STRASBOURG, France — The European Commission on Tuesday launched legal challenges against Hungary's new constitution amid concerns that the former Soviet-bloc country may be slipping back into authoritarianism.
The Commission, the EU's executive, says aspects of the constitution violate EU laws on the independence of the national central bank and data protection agency and for reducing the retirement age of judges. It also requested more information from the government of Prime Minister Viktor Orban on the broader independence of the judiciary.
"Hungary is a key member of the European family and we do not want a shadow of a doubt on the respect for of democratic principles and values," Commission President Jose Manuel Barroso told reporters in Strasbourg. "The quicker that this is resolved, the better."
Orban has been under fire from the European Parliament and civil rights organizations that fear he could push the country back into authoritarianism, by imposing government control over institutions whose independence is protected by EU treaties.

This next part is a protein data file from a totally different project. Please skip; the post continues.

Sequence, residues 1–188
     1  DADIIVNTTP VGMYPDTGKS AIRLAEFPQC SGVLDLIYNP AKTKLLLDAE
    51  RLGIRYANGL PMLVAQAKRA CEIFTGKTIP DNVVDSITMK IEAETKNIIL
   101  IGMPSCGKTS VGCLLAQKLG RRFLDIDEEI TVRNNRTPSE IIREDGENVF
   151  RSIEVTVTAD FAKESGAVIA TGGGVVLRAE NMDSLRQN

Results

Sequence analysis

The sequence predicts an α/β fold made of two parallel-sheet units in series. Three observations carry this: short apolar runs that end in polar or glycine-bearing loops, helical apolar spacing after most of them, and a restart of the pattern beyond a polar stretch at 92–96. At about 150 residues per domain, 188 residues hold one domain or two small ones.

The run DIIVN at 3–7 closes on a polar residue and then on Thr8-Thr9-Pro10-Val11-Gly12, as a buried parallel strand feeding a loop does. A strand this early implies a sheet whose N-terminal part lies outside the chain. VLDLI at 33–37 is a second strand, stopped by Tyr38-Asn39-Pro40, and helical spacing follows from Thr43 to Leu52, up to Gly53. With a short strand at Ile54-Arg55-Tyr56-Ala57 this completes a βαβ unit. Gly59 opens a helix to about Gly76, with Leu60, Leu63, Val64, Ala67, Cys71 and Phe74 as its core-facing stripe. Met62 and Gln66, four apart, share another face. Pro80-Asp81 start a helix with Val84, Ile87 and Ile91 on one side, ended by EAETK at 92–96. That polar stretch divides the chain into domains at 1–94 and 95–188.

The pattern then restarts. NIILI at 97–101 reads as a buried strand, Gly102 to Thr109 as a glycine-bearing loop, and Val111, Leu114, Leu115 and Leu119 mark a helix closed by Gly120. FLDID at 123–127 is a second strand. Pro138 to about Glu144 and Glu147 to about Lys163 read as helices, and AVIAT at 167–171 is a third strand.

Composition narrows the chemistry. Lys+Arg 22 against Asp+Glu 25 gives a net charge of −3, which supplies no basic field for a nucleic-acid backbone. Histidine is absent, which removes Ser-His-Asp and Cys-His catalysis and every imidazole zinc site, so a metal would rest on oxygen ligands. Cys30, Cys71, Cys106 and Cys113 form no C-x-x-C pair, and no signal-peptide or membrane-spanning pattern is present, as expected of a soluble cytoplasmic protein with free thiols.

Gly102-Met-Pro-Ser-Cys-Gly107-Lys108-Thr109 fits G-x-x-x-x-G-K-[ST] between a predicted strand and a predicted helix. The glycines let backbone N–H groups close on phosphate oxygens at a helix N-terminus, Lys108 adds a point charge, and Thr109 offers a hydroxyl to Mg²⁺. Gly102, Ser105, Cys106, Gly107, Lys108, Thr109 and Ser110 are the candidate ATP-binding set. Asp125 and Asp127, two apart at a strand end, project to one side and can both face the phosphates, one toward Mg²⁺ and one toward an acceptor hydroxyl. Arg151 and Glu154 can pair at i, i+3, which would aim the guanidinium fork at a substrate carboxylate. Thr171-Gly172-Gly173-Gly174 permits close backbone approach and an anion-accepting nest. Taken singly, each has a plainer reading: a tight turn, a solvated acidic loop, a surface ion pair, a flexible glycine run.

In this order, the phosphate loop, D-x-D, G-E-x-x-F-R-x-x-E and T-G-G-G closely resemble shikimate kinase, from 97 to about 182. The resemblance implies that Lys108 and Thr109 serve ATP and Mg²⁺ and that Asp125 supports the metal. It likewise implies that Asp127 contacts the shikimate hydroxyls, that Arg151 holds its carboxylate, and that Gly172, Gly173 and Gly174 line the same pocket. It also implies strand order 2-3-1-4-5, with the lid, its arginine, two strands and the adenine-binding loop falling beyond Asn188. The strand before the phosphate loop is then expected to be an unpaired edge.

The Commission and the European Central Bank had been in touch with Hungarian authorities since mid-December, expressing doubts over aspects of the new constitution that came into force in early January.
Beside the central bank law, which gives the government as much larger role than before in naming top bank officials, the EU is objecting to the forced, early retirement of hundreds of judges and has concerns about the independence of the new data protection authority.
"We had hoped that Hungary would have made the necessary changes," Barroso said. "This has not been the case so far."
As part of its so-called infringement procedure, the Commission will send three formal letters to the Hungarian government already this Tuesday, spelling out its legal issues with the new laws.
Budapest then has until Feb. 17 to respond to the letters, after which the Commission will take around two months to analyze the responses.
If Hungary ignores further requests for changes, the Commission can take it to the European Court of Justice and levy fines, although that process could drag on for much of this year.
But the EU also has a quicker way of exerting pressure on Orban's government. Hungary has requested financial help from the EU and the International Monetary Fund and both institutions have said they won't begin aid talks until the independence of the Hungarian central bank has been ensured.
Orban will be in Strasbourg, where the European Parliament is meeting on Wednesday to address his critics. He will meet Barroso in Brussels next Tuesday.